Dr. Pheaross Graham is a Mellon Postdoctoral Fellow in the Humanities and Lecturer in the Department of Music at Stanford University.
As a musicologist and classical pianist, Dr. Graham examines the intersections of theory, practice, and lived experiences of concert performers. His Ph.D., C.Phil., and M.A. in musicology from UCLA, M.F.A. in piano performance from UC Irvine, and B.A. in music and B.S. in microbial biology from UC Berkeley have cultivated interdisciplinary and intertextual leanings in his research. He reads recorded performances as texts, demystifying musicians’ inner worlds. Dr. Graham asks how certain performers, pushed in plain sight to the margins on account of race, class, and identity, carve space for themselves in complicated musical networks. His forthcoming publications include essays on reconstructing Rachmaninoff’s subjectivity (Routledge) and Liberace’s democratic virtuosity (Univ. Illinois Press). He has presented work at the Annual American Musicological Society, Music and the Moving Image, and Music Performance Studies Today, and other conferences. He enjoys initiating and organizing wide-reaching public conversations on performance.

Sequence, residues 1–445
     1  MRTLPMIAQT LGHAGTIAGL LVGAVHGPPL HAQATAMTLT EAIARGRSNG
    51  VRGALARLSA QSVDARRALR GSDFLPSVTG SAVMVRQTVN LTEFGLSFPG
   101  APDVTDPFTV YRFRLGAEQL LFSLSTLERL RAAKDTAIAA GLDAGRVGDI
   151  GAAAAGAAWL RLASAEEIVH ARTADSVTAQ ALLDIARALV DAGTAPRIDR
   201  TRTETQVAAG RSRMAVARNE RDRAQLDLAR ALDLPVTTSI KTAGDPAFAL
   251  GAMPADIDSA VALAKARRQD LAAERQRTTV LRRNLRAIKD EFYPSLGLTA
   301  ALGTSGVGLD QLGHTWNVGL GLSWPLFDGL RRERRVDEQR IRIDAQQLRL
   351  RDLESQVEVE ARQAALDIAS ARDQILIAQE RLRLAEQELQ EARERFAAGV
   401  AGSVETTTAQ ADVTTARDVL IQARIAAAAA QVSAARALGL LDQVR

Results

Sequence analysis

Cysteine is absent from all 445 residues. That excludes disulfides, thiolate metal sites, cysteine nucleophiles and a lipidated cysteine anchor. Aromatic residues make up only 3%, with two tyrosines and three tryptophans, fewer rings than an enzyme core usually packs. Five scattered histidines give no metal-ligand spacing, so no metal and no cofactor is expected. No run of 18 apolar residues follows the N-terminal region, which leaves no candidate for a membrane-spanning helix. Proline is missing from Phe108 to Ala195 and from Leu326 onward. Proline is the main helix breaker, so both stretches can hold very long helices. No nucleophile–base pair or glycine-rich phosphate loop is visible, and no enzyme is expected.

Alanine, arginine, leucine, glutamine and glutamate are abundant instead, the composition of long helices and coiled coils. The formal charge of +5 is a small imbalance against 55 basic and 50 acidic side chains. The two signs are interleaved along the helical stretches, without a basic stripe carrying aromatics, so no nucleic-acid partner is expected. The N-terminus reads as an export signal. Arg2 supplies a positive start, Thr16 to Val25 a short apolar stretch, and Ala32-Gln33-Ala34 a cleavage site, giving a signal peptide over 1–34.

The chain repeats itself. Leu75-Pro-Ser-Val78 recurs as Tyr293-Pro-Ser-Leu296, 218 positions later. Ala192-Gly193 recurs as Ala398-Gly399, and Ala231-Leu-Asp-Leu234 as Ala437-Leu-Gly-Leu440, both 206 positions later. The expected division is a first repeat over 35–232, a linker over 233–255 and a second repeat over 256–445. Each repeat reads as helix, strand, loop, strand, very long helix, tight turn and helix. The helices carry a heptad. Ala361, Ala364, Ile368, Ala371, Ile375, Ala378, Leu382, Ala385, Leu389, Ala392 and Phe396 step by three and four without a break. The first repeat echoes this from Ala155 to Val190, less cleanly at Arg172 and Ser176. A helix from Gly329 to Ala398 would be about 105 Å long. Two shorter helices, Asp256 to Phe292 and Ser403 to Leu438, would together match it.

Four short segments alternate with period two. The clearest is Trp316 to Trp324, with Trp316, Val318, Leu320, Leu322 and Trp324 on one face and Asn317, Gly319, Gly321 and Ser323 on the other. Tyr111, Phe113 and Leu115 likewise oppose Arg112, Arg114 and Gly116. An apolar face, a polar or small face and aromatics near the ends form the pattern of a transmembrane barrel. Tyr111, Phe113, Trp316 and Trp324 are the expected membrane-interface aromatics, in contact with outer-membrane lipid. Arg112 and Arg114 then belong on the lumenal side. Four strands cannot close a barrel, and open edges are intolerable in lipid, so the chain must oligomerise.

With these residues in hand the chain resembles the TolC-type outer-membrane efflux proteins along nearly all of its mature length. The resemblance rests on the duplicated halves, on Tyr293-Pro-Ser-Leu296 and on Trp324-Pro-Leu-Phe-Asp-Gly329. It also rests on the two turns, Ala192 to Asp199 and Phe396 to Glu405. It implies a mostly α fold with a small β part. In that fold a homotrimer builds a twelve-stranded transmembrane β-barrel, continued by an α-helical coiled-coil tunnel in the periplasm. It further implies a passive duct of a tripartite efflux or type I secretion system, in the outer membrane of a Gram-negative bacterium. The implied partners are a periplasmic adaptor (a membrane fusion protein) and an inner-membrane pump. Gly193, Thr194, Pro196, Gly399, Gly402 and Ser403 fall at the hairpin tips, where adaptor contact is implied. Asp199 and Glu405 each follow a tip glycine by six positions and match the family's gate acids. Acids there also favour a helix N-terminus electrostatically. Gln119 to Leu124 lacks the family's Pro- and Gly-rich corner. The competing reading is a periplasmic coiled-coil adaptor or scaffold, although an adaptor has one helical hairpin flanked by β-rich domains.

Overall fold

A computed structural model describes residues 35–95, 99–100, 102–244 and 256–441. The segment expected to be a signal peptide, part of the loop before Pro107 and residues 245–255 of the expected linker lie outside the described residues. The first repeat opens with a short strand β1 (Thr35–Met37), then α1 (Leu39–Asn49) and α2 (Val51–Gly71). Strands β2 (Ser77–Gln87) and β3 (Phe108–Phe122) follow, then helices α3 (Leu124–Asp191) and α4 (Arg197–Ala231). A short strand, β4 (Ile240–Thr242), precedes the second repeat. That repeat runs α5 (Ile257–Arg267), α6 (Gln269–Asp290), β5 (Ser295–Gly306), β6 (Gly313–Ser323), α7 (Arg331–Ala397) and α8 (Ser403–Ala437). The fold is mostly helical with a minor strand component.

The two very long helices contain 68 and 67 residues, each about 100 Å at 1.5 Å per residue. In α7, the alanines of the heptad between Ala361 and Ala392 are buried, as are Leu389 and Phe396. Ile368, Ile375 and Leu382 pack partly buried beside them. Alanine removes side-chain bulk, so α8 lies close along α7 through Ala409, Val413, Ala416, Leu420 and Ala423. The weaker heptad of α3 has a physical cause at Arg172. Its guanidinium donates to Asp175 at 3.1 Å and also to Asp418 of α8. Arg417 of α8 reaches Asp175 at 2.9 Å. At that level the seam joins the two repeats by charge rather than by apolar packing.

Dr. Graham’s immediate book project focuses on African American pianist Don Shirley and his musical activity during the Civil Rights Movement. He profiles Shirley’s genre-blending, “Green Book Style” pianism, which aimed to stimulate “serious,” idealized, and engaged listening among audiences to approach the category of classical music, navigating through the problematics of racialized entertainment in the U.S. and concert hall anti-Blackness. His other projects contemplate immigrant experiences, self-erasure, and exile. Accordingly, Dr. Graham theorizes the American transplanted, Russian aristocratic pianism of Sergei Rachmaninoff, engaging micro-listening and concert emulation. Rachmaninoff’s inter- and post-Revolutionary negotiations of respectability amid dualities of idealist and public identities factor into his inquiries.